Lupus and Other Associated Diseases

systemic lupus erythematosus

Systemic lupus erythematosus (SLE) is the most common and serious form of lupus, as discussed in our previous article. It is a chronic autoimmune disorder that has a wide array of complications, as vital organs and systems are affected by the increased levels of inflammatory molecules and autoantibodies, as well as medications used in treatment.

In this article, we will explore some diseases that patients with SLE are commonly at risk for developing. 

Other Autoimmune Diseases 

In 80% of patients, lupus presents first before other autoimmune diseases such as rheumatoid arthritis start to manifest. About one in three patients diagnosed with lupus are prone to developing a second or third autoimmune disease, some of which include

Atopic Dermatitis (Eczema)

Patients with lupus are twice as likely to suffer from atopic dermatitis as compared to the healthy population. 

Autoimmune hepatitis  

Blood disorder that can cause jaundice and other digestive and gastrointestinal diseases.

Autoimmune thrombocytopaenia

Platelets (cell fragments involved in blood-clotting) are being attacked, making one more susceptible to bruising and bleeding. 

Autoimmune thyroid disease

Including Hashimoto’s disease, Hyperthyroidism and Hypothyroidism  

Myasthenia gravis 

Weakness in the arm and leg muscles, including problems with day to day activities such as impediments to speech, walking and swallowing. 

Rheumatoid arthritis 

Tissues in the joints are attacked by autoantibodies, resulting in swelling and pain. 


A group of rare diseases that causes the hardening of skin and connective tissues and is more apparent in women, occurring between the ages of 20 to 50.  

Sjogren’s syndrome

10% of lupus patients also suffer from this disorder of the immune system that causes drying out of parts of orifice mucosal tissue, mainly dry eyes and dry mouth. 

Heart Diseases

Coronary Heart Disease

Atherosclerosis is accelerated in SLE patients due to inflammatory mechanisms, steroid therapy and renal disease which cause increased plaque volume/build-up in arteries. . Coronary heart disease (CAD) is due to the resultant decreased blood flow to heart and when the blood flow is completely blocked, a heart attack occurs.

Research has shown that women with lupus (SLE) aged 35-44 are >50 times more likely to suffer from a heart attack than healthy women of a similar age, and for everyone with lupus the risk is increased 7 to 9-fold. 


The most common heart problem associated with active lupus and present in 25% of those who suffer from SLE is pericarditis. Pericarditis is the inflammation of the sac around the heart. Patients usually suffer from chest pain and shortness of breath, which are worse when lying down. Often, NSAIDs or steroids are effective in reducing the inflammation associated with this condition.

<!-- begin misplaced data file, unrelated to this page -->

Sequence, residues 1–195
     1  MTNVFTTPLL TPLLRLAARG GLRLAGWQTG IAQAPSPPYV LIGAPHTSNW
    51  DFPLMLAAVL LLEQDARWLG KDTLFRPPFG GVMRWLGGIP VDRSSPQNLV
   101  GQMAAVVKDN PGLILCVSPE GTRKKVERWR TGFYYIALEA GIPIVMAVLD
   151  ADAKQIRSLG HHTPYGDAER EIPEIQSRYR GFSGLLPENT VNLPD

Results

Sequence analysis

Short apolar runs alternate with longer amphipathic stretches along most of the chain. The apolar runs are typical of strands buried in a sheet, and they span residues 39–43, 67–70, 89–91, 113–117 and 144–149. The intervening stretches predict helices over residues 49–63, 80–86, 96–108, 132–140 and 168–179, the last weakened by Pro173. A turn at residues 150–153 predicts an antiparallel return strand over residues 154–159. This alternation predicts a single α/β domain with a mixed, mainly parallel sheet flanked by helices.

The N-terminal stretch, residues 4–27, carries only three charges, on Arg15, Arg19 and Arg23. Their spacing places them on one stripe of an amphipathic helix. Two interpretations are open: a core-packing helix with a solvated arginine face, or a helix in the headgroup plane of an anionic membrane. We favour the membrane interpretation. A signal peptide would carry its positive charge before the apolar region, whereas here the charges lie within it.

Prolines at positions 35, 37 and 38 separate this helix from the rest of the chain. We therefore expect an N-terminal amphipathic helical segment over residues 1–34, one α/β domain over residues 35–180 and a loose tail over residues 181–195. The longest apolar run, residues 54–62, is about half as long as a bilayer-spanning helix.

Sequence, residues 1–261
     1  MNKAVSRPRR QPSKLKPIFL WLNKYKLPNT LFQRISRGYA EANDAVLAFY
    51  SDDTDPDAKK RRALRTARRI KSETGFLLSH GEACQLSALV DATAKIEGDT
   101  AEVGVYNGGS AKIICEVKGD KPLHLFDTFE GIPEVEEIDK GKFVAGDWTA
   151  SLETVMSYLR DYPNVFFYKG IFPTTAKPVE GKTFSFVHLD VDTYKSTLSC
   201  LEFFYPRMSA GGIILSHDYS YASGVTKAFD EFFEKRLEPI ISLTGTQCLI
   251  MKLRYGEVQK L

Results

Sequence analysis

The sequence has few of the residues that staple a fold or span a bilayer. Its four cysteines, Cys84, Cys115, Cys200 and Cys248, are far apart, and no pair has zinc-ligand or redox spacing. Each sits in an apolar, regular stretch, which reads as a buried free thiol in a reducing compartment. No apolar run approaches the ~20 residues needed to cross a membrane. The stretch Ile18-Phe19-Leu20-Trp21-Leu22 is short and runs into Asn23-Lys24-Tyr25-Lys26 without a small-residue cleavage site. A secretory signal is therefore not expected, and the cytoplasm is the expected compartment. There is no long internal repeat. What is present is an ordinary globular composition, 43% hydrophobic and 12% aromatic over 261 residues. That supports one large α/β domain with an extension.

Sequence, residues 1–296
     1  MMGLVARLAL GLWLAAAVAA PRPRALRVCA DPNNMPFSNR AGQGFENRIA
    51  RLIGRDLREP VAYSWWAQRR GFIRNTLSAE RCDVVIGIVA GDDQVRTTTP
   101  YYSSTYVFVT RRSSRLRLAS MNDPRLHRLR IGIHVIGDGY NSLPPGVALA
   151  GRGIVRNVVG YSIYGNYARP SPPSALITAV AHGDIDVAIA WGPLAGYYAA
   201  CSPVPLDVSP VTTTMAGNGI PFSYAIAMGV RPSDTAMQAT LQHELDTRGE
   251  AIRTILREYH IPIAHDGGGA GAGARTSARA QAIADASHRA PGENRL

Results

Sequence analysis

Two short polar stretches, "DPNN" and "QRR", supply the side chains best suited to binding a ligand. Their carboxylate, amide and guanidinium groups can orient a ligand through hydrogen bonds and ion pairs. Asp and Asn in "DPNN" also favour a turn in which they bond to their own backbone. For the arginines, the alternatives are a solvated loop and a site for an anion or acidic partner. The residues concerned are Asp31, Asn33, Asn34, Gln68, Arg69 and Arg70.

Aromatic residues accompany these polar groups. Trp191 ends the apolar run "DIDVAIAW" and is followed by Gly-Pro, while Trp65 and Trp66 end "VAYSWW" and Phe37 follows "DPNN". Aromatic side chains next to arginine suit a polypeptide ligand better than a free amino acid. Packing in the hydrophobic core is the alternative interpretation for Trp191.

Further complications that could arise include pericardial effusion, which is the filling of the pericardium with inflammatory fluid. The fluid may compress the heart, causing cardiac tamponade, where the heart is unable to fill completely or contract properly; resultant poor blood flow and a lack of oxygen to the body is life-threatening and requires emergency treatment. In addition, the pericardial fluid can also become infected by bacteria, causing infectious pericarditis.


Myocarditis is a rare and fatal SLE complication and can be found in about 10% of patients. It is the inflammation of the myocardium or heart muscle tissue. This may also cause impairment in the contractile function of the heart and unable to pump blood efficiently. This can lead to heart failure or sudden cardiac death. The time between the onset of SLE and clinical presentation is about 8 to 9 years. To treat lupus myocarditis, high doses of corticosteroid treatments are administered. 


Libman-Sacks Endocarditis (LSE) is an asymptomatic, rare and fatal inflammation of the heart walls and valves that affects 15% of lupus patients, especially those with anti-phospholipid antibodies. This condition causes the developments of growths (vegetations) on the surface of the heart valves. This can lead to infections, as vegetations are prime sites for bacterial growth, usually necessitating surgical replacement of infected valve. In addition, pieces of a vegetation can break off and travel through the blood stream, potentially blocking blood flow to the brain and causing a stroke. If you have a heart vegetation, your doctor will prescribe an anticoagulant to reduce this risk.

Kidney Disease

Lupus Nephritis is a very common kidney disease amongst SLE patients, with up to 60% of them developing kidney problems within the first five years of lupus onset. Lupus nephritis occurs due to lupus autoantibodies destroying kidney structures e.g. glomeruli and consequent loss of waste-filtering function.

This in turn causes kidney inflammation which can lead to blood in the urine (haematuria), protein in the urine (proteinuria), high blood pressure in the kidneys from overworking (renal hypertension) and eventual impaired kidney function. Since kidney inflammation rarely manifests symptoms or pain in the early stages, it is essential to evaluate renal function through urine and blood tests in SLE patients regularly as early detection can significantly improve renal health. 


Patients with SLE are at high risk of osteoporosis due to the inflammatory activity of the disease, as well as chronic use of corticosteroids, which can lead to bone mass loss (Osteopenia) and develop into osteoporosis over time, resulting in weakened bones and a higher risk of fractures. 


Many autoimmune conditions and other related diseases can occur in patients with lupus. Early diagnosis and effective treatments can help reduce the damaging effects of SLE and improve the chance to have better function and quality of life.

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